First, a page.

Adriana Lecouvreur  (Simonetto;  Carla Gavazzi, Giacinto Prandelli, Miti Truccato Pace, Saturno Meletti)  (Fonit CDO 20)
Item# OP0208
Regular price: $79.90
Sale price: $39.95
Availability: Usually ships the same business day

Product Description

Adriana Lecouvreur  (Simonetto;  Carla Gavazzi, Giacinto Prandelli, Miti Truccato Pace, Saturno Meletti)  (Fonit CDO 20)
OP0208. ADRIANA LECOUVREUR, recorded 1951, w.Simonetto Cond. RAI Ensemble, Milano; Carla Gavazzi, Giacinto Prandelli, Mitì Truccato Pace, Saturno Meletti, Plinio Clabassi, etc. (Italy) Fonit CDO 20, w.Libretto-Brochure. Very long out-of-print, Final Copy! - 8003927138636

CRITIC REVIEW:

“Carla Gavazzi was born in 1913 and made her debut as Mimì in 1940. Alongside the expected Italian roles (Liù, Desdemona, Manon Lescaut) she appeared in an Italian production of Hindemith’s MATHIS DER MALER and in such contemporary Italian works as Malipiero’s LA FAVOLA DEL FIGLIO CAMBIATO, Respighi’s LA CAMPANA SOMMERSA and Alfano’s CYRANO DE BERGERAC and RISURREZIONE. Alfano chose her to give the première of his song cycle to poetry by Tagore. Not long after her persistent nervous problems, exacerbated by the fact that her son had contracted polio, compelled her to withdraw from the scene. Sadly, her retirement coincided with an offer from Covent Garden which might have launched her to an international career. Less sadly, her son overcame his illness without serious after-effects and is today an active Milanese lawyer while Carla Gavazzi herself, though frail, is still very much alive.

The evidence here is that, in an epoch during which many a fine soprano (Carteri, Pobbe, Cerquetti, Frazzoni, etc.) was squeezed out of existence by the competition between Callas and Tebaldi, Gavazzi might have held her own. Her spoken first entrance (what a master-stroke by Cilea!) is already impressive and she reveals a voice which is ringingly firm on the high notes, has a strong body of sound in the middle register and employs the chest resonance on the lower notes without a noticeable ‘break’ as she passes from one to another. Above all it is a voice charged with emotion. Her singing of ‘Io son l’umile ancella’ strikes an ideal balance between verbal expression and musical flow (the conductor is a great help here). Many a modern version seems bland and stagnant in comparison. In the later aria ‘Poveri fiori’ Gavazzi adds some sobs of the old theatrical kind. I shouldn’t think any modern singer would be encouraged to do this in the studio, or even in the theatre, and yet such devices are not foreign to the tradition in which Cilea wrote and I found the effect, in context, theatrical and even moving. That this is so is due to the fact that by that time Gavazzi, together with the whole cast, had me completely under her spell. This is a very fine assumption.

Giacinto Prandelli was born in 1914 and, as far as I can discover, is still alive. He sang a wide range of roles including the first Italian Peter Grimes. He also took part in a recording of Zandonai’s FRANCESCA DA RIMINI with Caniglia and Tagliabue under the legendary but seriously under-recorded conductor Antonio Guarnieri.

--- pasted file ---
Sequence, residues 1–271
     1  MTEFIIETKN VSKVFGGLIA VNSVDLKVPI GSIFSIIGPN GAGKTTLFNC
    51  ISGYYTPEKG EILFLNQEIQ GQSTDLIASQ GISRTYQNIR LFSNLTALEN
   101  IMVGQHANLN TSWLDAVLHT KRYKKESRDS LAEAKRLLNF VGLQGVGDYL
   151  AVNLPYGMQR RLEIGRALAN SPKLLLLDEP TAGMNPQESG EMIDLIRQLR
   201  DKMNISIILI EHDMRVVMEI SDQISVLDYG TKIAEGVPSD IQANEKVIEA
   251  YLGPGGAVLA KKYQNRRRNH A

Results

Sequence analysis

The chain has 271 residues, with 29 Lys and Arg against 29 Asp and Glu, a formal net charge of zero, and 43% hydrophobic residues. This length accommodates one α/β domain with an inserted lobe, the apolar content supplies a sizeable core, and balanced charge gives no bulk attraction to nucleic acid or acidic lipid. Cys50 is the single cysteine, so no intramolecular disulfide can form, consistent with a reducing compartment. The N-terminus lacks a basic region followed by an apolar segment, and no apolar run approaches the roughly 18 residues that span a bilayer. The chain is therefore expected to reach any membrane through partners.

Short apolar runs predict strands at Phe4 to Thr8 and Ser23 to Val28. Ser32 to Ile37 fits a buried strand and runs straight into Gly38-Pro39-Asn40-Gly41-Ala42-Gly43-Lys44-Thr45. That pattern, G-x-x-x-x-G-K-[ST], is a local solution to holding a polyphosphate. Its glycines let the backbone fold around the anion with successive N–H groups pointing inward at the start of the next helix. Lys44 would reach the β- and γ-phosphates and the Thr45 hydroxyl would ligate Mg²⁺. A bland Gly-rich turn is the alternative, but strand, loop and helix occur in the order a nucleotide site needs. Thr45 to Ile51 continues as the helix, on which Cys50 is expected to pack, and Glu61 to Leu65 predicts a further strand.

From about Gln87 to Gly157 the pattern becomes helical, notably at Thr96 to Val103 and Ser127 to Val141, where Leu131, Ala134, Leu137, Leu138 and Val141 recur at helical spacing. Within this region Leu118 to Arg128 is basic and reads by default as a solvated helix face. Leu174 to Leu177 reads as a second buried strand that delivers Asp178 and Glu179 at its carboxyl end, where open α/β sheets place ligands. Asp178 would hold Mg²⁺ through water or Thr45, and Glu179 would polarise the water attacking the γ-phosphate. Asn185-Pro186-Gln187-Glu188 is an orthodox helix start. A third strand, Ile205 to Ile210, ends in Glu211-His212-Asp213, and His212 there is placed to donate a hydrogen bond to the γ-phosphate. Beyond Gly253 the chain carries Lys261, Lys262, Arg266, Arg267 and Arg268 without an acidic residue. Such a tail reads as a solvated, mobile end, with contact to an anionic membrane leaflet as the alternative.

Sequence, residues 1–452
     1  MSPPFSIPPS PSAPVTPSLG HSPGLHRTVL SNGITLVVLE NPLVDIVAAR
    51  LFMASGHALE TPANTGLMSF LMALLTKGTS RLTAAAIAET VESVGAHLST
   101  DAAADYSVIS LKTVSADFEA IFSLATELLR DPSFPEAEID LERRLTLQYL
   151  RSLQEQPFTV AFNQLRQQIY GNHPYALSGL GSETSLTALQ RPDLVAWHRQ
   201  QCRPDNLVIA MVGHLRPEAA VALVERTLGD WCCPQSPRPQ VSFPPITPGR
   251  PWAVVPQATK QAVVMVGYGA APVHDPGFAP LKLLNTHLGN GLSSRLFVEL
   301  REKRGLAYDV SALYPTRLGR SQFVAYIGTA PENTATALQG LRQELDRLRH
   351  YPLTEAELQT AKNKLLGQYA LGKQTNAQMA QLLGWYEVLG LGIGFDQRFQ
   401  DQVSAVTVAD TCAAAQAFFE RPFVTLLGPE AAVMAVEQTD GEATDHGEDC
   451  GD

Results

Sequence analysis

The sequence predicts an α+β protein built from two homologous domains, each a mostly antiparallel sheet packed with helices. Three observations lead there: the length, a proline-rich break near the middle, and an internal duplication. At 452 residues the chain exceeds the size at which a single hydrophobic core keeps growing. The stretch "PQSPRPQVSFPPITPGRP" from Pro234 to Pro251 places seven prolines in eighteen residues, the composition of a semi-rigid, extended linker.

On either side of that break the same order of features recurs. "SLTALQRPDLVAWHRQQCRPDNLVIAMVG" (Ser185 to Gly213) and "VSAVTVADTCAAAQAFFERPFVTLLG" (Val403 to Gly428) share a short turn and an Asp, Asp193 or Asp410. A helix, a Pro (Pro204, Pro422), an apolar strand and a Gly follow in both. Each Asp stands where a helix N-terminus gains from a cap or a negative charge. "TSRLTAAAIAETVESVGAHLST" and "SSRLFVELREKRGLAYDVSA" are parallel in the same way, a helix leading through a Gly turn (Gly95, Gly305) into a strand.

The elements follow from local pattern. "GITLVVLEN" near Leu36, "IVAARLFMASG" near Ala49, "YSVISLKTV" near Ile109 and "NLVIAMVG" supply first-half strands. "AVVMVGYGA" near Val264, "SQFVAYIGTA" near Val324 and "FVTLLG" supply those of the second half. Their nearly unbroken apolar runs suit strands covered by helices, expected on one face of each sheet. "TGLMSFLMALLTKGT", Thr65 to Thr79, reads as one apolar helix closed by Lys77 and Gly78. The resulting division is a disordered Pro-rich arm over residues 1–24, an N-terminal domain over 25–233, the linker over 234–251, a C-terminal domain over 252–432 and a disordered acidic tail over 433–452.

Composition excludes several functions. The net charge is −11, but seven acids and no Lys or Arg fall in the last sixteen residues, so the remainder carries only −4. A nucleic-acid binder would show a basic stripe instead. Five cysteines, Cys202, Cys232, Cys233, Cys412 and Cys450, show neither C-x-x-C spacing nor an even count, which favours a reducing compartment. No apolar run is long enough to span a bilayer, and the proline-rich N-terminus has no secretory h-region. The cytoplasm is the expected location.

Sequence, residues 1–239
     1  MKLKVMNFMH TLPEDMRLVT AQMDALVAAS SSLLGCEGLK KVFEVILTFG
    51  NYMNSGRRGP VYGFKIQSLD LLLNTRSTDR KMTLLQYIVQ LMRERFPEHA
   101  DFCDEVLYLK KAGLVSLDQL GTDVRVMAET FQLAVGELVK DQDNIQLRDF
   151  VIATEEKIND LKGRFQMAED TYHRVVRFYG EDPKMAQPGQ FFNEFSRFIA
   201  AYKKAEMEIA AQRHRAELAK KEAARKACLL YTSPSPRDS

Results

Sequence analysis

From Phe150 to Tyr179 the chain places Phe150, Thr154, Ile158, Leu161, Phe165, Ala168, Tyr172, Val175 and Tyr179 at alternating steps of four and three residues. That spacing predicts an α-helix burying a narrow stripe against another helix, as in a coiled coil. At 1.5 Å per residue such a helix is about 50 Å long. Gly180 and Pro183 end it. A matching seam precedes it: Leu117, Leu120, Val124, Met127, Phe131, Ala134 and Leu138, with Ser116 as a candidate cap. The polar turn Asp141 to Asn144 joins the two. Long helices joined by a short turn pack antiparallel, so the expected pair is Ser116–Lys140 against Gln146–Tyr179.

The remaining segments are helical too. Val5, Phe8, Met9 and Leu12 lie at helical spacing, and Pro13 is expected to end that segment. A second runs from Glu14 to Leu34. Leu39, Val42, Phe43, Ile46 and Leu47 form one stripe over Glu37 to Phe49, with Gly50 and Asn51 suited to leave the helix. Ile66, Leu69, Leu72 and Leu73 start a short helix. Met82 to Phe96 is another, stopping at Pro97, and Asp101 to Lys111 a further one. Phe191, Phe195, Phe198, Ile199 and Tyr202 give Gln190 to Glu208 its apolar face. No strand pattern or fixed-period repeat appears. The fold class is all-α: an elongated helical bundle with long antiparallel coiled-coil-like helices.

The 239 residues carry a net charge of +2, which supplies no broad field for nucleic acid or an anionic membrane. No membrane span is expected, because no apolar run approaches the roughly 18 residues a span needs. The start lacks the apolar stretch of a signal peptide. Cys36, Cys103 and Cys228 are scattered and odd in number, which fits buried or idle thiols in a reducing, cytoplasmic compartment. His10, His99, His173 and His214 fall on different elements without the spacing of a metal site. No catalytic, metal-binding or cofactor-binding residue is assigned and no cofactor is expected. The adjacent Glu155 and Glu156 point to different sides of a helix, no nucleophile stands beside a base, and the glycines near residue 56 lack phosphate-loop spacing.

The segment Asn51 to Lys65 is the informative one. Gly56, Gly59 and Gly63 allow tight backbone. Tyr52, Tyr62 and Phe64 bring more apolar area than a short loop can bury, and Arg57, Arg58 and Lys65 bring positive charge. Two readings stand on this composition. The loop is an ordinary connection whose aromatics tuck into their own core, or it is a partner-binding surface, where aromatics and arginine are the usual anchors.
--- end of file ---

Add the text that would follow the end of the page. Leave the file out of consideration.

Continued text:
His is a strong, reliable voice, but also flexible and able to launch ‘La dolcissima effige’ softly and sweetly without recourse to semi-falsetto. He is well inside the part and it seems strange that his services were not more widely called upon by the recording companies.

I can find no dates for Saturno Meletti who was nonetheless well-regarded over a period of at least two decades. Back in 1941 he had taken part in two very important recordings, singing Fra Melitone in LA FORZA DEL DESTINO under Gino Marinuzzi (another legendary but seriously under-recorded conductor) and David in L’AMICO FRITZ, with Pia Tassinari and Carlo Tagliabue under the baton of Mascagni himself. He seems to have made quite a niche for himself as Kyoto in Mascagni’s IRIS, of which three versions exist. The latest recording I can trace is yet another Mascagni opera, GUGLIELMO RATCLIFF, recorded for Cetra in 1963 under Armando La Rosa Parodi and also featuring the Princess of the present LECOUVREUR, Miti Truccato Pace. It is a mellow, resigned-sounding voice, clearly not that of a young man and just right for the part. He makes much of his monologue.

To tell the truth even Cetra and the RAI did not often give Miti Truccato Pace large parts and her performance of ‘Acerba voluttà’ reveals some vocal shortcomings. Her chest register is powerful and her top notes are good, but the middle register, where logically you expect a mezzo to shine, is somewhat woolly. So the changes from one register to another tend to be more noticeable than they should be. However, while this isn’t the best performance of ‘Acerba voluttà’ you will find she is a convinced performer and in all the various exchanges and ensemble work she contributes regally. The two ladies really strike sparks off one another during their Act 3 confrontations.

Plinio Clabassi is another name worthy of remembrance; he was heard as Melchtal in the Cetra GUGLIELMO TELL of the same year and was another stalwart of many a RAI production. In 1952, for example, he sang Don Fernando (in FIDELIO) and Count Des Grieux (in Massenet’s MANON), both conducted by Vittorio Gui and of considerable interest even though they are sung in Italian.

The other comprimari roles are well taken and there is some fine orchestral playing under Alfredo Simonetto who sets some rattling tempi for the big ensembles, sees that everything is narrated with great fluidity, and knows how to draw yards of plush from the slower scenes without actually getting all that slow. Test him in any of the orchestral interludes; he does not put a foot wrong anywhere.”

- Christopher Howell, musicweb-international